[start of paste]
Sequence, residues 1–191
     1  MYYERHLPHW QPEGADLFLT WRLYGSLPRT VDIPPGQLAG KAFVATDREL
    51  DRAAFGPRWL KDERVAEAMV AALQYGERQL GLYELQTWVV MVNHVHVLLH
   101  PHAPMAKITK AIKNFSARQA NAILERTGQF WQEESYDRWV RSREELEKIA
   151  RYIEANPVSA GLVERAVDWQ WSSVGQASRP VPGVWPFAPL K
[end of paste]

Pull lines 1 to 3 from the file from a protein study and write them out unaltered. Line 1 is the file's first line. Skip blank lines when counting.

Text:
Sequence, residues 1–191
     1  MYYERHLPHW QPEGADLFLT WRLYGSLPRT VDIPPGQLAG KAFVATDREL
    51  DRAAFGPRWL KDERVAEAMV AALQYGERQL GLYELQTWVV MVNHVHVLLH